The following are summaries of the trial evidence and background. In circumstances, the cases were all fairly different from each other apart from the sexual accusations. Although physical acts were discussed, the emotional relationships between the women were generally not noted unless used as leverage to persuade testimony.
Bets Wiebes & Martha Schuurman
Bets Wiebes was involved in a romantic and sexual triangle with two other women: Catharina de Haan and Bartha Schuurman. Wiebes and Schuurman lived together and had a sexual relationship, but Wiebes had begun a separate covert relationship with de Haan. Schuurman, in a jealous rage, murdered de Haan. Initially Schuurman accused Wiebes of the murder (and so was released) at which Wiebes went into hiding dressed as a man and with cropped hair in order to avoid testifying against Schuurman. When finally arrested, Wiebes claimed she was too drunk to remember what happened on the night in question, but Schuurman was arrested again for further interrogation and three months later Wiebes changed her testimony to accuse Schuurman, after which Schuurman confessed. (There were various threats of torture involved in these interrogations and confessions but torture was never actually used.) When asked about her shifting testimony, Wiebes indicated she was trying to protect Schuurman who had a child to care for.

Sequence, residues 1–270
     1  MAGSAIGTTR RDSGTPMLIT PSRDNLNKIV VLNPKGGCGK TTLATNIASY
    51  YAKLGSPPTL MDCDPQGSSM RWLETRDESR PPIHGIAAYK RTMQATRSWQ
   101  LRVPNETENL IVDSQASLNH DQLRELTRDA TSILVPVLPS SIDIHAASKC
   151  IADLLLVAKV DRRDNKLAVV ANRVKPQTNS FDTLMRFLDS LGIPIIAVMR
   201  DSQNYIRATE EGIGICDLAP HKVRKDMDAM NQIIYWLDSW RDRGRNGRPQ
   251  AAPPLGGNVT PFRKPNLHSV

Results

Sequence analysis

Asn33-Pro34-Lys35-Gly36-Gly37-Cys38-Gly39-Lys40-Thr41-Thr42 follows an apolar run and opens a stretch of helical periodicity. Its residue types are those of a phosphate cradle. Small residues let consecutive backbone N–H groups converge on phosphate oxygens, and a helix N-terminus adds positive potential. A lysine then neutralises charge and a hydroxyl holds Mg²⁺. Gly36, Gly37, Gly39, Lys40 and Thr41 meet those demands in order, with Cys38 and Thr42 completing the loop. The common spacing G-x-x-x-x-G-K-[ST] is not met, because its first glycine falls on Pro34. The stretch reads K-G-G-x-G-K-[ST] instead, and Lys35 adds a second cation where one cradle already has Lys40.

Schuurman testified that she had been jealous of de Haan because of the “dirty lusts” that Wiebes had engaged in with both of them. She described how “during the time they had lived together, Bets Wiebes many a time had lain upon her in the way a man is used to do withen he had carnal conversation with this wife and that they had known one another in this way.” Wiebes denied the sexual relationship, even when neighbors testified that “she used to caress Schuurman’s breasts and put her head in her lap.”